Lambton’s eSports teams are still learning the ropes

Some of Lambton College’s Varsity eSports athletes, from left, Forrest Boire, Zain Ismail, Robert Glysinski and Joel Graham. Troy Shantz

Troy Shantz

Fitness regimes. Game tape reviews. Massage therapy.

The approach taken with Lambton College eSport competitors doesn’t differ much from that of traditional athletes, even if their playing field is a computer screen.

Launched last fall, the Varsity eSports teams faces off against colleges, universities and club teams around the world playing League of Legends, Overwatch and Counter-Strike: Global Offensive.

“It kind of runs a lot like a basketball team,” says Forrest Boire, 25, Lambton’s eSports student ambassador and captain of the Overwatch team.

“We went from having just the basics … now we’re actually forming strategies and having plays.”

Overwatch is a team-based multiplayer first-person shooter. Each player on the eight-position squad fulfills a specific role such as “healing” injured teammates, or carrying out assaults on the enemy, explained Boire.

“We all have something we’re good at, and we all try to slot into that,” he said. “It’s designed a lot like a sports team.”

Teammate Zain Ismail, 18, spends more than 20 hours a week running scenarios, watching pro matches and hitting the gym.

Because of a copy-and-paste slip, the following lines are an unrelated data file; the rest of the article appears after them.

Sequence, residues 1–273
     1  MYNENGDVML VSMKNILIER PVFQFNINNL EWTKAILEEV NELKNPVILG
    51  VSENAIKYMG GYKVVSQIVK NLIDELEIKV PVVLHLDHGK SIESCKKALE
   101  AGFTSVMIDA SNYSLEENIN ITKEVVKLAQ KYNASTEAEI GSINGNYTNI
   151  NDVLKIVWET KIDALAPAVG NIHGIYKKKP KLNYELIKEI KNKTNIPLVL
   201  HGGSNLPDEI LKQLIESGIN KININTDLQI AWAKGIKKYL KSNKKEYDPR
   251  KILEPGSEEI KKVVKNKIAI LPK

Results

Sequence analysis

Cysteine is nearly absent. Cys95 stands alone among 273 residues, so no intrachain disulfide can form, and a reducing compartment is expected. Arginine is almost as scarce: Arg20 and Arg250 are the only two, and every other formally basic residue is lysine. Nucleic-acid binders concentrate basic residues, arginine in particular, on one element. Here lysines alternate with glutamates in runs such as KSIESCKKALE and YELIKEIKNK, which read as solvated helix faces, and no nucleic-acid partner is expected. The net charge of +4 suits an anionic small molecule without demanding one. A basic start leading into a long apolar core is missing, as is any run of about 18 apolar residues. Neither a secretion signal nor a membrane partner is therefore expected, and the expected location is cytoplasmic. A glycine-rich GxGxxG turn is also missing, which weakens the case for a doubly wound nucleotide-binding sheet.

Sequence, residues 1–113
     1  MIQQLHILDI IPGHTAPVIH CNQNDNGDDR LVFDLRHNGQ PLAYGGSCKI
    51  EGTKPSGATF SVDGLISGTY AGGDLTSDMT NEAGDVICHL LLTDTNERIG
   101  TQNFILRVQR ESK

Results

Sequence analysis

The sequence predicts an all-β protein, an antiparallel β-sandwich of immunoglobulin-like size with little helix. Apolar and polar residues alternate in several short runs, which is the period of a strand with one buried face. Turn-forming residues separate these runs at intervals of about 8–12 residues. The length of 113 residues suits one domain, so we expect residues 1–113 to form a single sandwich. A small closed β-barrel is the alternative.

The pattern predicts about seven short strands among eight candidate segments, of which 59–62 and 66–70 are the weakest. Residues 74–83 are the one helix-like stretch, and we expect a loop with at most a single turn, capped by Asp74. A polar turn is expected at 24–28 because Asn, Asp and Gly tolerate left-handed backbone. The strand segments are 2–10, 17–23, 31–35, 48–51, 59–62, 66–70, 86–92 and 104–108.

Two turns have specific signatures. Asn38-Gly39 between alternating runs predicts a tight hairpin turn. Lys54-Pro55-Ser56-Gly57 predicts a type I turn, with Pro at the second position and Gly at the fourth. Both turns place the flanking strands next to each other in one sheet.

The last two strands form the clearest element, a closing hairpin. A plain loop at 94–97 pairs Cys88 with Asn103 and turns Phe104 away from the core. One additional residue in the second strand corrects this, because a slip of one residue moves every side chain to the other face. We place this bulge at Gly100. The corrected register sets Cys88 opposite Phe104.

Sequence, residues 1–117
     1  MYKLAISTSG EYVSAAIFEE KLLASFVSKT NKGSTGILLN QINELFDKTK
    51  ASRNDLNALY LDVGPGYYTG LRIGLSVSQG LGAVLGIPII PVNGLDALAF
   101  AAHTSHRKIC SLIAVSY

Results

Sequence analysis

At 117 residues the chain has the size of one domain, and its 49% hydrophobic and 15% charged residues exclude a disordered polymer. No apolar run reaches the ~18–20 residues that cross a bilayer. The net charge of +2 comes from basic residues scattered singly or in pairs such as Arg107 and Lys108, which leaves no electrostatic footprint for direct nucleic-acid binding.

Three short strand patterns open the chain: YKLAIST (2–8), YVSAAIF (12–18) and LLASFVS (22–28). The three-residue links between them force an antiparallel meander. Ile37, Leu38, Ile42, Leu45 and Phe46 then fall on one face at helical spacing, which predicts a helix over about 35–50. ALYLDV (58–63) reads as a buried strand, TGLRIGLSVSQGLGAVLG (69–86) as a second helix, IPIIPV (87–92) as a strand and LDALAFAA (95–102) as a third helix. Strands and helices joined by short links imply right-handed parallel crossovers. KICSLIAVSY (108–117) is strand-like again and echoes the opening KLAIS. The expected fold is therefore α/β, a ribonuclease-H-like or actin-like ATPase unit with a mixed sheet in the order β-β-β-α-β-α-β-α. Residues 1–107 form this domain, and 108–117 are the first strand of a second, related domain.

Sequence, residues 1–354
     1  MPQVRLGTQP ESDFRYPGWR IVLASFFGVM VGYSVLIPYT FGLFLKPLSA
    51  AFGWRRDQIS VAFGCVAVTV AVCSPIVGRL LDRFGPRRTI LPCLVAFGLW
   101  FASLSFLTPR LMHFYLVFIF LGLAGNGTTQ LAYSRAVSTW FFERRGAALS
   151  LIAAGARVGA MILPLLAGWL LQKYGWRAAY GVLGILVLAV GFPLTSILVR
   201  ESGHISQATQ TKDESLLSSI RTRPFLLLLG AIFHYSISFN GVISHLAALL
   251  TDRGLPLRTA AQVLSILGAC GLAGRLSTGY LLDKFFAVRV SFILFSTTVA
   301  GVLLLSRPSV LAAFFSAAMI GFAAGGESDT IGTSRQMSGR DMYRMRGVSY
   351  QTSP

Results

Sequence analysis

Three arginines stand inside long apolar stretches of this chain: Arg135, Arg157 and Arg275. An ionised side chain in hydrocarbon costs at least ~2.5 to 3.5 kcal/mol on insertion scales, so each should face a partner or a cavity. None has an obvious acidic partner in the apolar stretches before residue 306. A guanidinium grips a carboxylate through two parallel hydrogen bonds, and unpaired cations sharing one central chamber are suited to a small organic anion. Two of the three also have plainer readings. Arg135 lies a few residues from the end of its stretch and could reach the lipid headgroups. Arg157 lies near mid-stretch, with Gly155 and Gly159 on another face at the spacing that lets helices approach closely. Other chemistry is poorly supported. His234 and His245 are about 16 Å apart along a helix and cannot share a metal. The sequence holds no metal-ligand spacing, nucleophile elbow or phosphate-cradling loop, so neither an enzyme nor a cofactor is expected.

“You need the endurance to last the time periods,” he said. “While you’re not doing a lot of physical activity your brain is on full wire the whole time.”

The eSport teams have been accepted as equals by other Lambton Lions varsity squads, says Eric Brown, in the school’s IT department. Basketball team members tried out the gaming rigs recently, after which the eSports players joined them on the court.

Last fall Lambton’s Overwatch team competed in the Tespa Collegiate League and finished with a 5-5 record. Currently, it’s competing in the 500-team Overwatch Open North American Division.

In the first match this season they faced a team that had advanced far into last year’s playoffs. The results were nothing to brag about, Boire said.

“We learned a lot… it was not close.”

The final four teams advance to the contender series, a level of play that would be comparable in hockey to the Ontario Hockey League.

Above that is the pro-level Overwatch League, which has a $500,000 buy-in and millions of dollars in endorsements and sponsorships.

And mainstream sports are taking notice. New England Patriots owner Robert Kraft, for example, also owns an Overwatch team.

To learn more about Lambton’s eSports teams, visit www.lclions.ca/sports/esports.